Scientists have fulfilled a mummified Egyptian priest’s wish for life after death – by replicating his voice with artificial vocal cords.
Nesyamun’s voice has been reproduced as a vowel-like sound that is reminiscent of a sheep’s bleat.
The priest lived during the politically volatile reign of Pharaoh Ramses XI, between 1099 and 1069BC.
As a priest in Thebes, Nesyamun would have needed a strong voice for his ritual duties, which involved singing.
When Nesyamun died, his voice fell silent, but 3,000 years on, a team of researchers have brought it back to life.
They have done so by producing a 3D-printed voice box based on Nesyamun’s vocal tract, which was scanned to establish its precise dimensions.
By using the vocal tract with an artificial larynx sound, they synthesised a vowel sound meant to be similar to the voice of Nesyamun.
It is believed to be the first project of its kind to successfully recreate the voice of a dead person through artificial means. In the future, the researchers hope to use computer models to recreate full sentences in Nesyamun’s voice.
The research – carried out by academics at Royal Holloway, University of London, the University of York and Leeds Museum – was published in the Scientific Reports journal on Thursday.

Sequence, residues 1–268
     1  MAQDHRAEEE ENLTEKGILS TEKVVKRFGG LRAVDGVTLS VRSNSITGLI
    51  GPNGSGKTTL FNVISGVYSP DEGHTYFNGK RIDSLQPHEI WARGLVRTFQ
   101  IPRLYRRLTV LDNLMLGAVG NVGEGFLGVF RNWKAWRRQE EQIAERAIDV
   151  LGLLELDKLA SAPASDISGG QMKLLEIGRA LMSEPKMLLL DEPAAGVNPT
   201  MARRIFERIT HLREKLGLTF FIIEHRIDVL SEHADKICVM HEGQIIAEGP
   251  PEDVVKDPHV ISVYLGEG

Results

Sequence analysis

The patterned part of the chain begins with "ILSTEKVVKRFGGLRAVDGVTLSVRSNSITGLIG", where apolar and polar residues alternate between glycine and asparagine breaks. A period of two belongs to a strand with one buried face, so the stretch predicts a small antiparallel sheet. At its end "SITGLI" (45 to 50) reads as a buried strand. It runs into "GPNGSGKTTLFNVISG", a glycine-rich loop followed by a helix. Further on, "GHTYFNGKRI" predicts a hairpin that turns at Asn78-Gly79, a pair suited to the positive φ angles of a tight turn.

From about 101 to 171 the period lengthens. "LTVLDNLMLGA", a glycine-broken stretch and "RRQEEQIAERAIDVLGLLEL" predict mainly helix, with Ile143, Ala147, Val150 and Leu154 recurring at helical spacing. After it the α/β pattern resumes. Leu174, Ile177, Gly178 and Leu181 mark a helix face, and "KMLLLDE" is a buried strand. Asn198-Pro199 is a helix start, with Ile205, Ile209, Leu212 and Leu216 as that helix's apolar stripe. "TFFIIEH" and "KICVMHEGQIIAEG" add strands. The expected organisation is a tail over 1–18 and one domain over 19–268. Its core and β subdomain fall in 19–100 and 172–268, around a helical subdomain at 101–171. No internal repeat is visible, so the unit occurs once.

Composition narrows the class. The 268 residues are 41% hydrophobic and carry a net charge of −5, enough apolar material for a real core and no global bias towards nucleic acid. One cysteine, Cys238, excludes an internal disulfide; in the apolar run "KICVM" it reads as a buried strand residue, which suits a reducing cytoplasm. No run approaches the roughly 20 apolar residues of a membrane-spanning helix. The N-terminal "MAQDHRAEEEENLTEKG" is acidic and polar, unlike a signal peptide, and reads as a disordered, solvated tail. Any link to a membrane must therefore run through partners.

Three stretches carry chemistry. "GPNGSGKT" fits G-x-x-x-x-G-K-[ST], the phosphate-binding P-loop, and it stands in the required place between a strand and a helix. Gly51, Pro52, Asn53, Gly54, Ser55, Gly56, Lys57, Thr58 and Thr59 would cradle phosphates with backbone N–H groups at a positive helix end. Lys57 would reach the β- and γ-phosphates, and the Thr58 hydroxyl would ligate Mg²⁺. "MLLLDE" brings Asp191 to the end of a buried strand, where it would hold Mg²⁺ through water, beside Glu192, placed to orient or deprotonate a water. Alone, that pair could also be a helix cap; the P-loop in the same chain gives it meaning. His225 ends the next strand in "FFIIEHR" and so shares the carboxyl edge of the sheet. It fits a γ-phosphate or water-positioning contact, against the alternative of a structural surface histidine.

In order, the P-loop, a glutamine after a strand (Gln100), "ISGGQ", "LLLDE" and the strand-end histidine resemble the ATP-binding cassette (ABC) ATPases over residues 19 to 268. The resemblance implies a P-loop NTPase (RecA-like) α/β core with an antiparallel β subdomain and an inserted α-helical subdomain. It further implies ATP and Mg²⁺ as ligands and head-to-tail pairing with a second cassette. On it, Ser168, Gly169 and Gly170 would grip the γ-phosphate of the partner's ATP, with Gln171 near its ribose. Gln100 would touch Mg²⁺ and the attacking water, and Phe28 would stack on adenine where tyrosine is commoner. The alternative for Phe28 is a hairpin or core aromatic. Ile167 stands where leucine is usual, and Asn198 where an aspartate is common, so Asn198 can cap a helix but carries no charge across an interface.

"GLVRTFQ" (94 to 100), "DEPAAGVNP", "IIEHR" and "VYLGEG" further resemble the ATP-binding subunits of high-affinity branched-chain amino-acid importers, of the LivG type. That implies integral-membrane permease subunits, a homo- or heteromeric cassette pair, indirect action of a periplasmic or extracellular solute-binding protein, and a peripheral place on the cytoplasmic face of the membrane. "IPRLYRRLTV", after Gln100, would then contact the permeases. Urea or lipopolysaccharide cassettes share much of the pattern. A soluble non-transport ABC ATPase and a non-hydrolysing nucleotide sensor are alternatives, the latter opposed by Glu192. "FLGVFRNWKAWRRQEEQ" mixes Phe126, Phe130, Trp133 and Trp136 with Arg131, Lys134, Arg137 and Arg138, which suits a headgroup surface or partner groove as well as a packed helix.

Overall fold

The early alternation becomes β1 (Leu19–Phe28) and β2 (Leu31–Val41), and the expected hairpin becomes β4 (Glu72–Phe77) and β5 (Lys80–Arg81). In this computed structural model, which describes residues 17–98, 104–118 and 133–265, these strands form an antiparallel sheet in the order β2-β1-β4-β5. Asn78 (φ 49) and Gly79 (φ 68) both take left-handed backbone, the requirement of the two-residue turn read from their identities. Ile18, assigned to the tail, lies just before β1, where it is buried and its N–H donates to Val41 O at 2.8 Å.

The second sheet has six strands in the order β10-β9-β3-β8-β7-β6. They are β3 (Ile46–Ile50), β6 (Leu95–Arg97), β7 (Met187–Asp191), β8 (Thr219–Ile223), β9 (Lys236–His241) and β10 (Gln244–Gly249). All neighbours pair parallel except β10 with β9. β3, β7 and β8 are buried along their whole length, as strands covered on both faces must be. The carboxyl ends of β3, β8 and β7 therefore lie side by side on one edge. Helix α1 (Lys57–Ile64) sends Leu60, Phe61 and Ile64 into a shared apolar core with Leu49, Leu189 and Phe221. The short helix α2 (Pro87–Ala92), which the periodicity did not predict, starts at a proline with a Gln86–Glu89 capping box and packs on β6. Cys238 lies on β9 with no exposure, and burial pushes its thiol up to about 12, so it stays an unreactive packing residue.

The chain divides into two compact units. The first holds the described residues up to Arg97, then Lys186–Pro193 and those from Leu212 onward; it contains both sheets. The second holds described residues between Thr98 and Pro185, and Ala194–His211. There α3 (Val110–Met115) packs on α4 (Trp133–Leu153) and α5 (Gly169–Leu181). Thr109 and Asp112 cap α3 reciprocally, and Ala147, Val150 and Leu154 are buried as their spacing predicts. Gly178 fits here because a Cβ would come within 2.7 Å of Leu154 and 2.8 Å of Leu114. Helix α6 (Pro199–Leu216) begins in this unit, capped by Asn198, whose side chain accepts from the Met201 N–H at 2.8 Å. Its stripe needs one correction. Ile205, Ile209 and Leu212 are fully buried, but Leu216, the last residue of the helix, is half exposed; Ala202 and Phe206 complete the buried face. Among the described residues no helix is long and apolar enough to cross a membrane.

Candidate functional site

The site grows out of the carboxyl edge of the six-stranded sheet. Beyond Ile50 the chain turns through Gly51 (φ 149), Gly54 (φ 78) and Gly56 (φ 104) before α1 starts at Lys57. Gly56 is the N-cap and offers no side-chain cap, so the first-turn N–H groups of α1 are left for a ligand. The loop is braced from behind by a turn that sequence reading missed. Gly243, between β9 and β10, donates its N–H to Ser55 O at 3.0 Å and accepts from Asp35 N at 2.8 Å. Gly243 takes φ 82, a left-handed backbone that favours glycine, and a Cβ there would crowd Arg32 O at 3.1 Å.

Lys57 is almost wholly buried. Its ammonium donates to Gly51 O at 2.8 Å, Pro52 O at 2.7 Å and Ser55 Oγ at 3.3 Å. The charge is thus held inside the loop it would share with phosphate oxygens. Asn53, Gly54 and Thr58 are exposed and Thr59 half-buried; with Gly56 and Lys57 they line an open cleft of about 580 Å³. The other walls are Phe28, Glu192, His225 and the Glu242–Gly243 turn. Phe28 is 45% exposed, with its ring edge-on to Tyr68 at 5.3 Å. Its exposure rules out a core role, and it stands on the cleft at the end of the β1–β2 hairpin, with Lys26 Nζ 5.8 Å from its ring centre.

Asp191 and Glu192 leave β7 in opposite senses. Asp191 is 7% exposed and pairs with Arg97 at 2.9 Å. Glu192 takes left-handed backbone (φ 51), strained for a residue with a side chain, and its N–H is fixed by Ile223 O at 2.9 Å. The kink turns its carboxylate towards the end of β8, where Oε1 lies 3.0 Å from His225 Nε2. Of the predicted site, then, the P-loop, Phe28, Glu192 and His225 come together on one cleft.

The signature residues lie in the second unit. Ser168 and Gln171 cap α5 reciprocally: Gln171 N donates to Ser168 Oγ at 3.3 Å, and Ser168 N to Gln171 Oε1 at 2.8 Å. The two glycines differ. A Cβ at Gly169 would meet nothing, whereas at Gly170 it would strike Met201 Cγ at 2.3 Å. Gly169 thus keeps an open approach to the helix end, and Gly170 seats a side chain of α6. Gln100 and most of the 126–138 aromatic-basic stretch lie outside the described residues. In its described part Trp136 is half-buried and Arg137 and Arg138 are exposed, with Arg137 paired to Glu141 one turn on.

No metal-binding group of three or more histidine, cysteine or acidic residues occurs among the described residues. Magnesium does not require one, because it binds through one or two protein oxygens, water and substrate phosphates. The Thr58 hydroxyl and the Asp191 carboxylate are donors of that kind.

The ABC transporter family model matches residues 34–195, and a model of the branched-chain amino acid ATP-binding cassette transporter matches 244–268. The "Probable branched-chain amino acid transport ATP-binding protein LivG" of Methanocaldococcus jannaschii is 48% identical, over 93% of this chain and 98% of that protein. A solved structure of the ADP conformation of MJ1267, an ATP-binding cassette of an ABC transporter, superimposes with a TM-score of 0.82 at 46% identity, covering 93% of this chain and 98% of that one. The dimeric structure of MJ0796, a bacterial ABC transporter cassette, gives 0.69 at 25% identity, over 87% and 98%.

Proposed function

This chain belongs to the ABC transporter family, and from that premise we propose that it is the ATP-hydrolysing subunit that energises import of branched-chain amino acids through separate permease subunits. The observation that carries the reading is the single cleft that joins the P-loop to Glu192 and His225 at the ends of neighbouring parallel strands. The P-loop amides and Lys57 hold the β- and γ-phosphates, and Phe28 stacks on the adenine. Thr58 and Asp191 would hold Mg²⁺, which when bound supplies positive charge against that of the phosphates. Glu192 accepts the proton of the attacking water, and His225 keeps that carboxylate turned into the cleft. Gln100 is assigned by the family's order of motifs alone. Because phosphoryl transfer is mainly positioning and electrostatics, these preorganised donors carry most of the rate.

The voice recreation technique “has given us the unique opportunity to hear the sound of someone long dead”, said study co-author Joann Fletcher, a professor of archaeology at the University of York.
Archaeology professor John Schofield, also of the University of York, told the BBC it was Nesyamun’s “express wish” to be heard in the afterlife, which was part of his religious belief system.
“It’s actually written on his coffin – it was what he wanted,” Prof Schofield said. “In a way, we’ve managed to make that wish come true.”
How exactly did they recreate Nesyamun’s voice?
In humans, the vocal tract is the passage where sound is filtered. That sound is produced at the larynx – the organ commonly known as the voice box – but we only hear it once it has passed through the vocal tract.
To copy the sound produced by Nesyamun’s vocal tract, the exact dimensions of it were mirrored in 3D-printed form.
But this process is only possible when the soft tissue of an individual’s vocal tract is reasonably intact.
In Nesyamun’s case, the fact that his mummified body was well preserved made this more likely, and the team confirmed it using a CT scanner at Leeds General Infirmary.
His “voice” was then generated by an artificial larynx sound – a method commonly used in modern speech synthesis systems.
The next step for the researchers will be to use computer models “to generate words and string those words together to make sentences”, said Prof Schofield.
“We’re hoping we can create a version of what he would have said at the temple at Karnak.”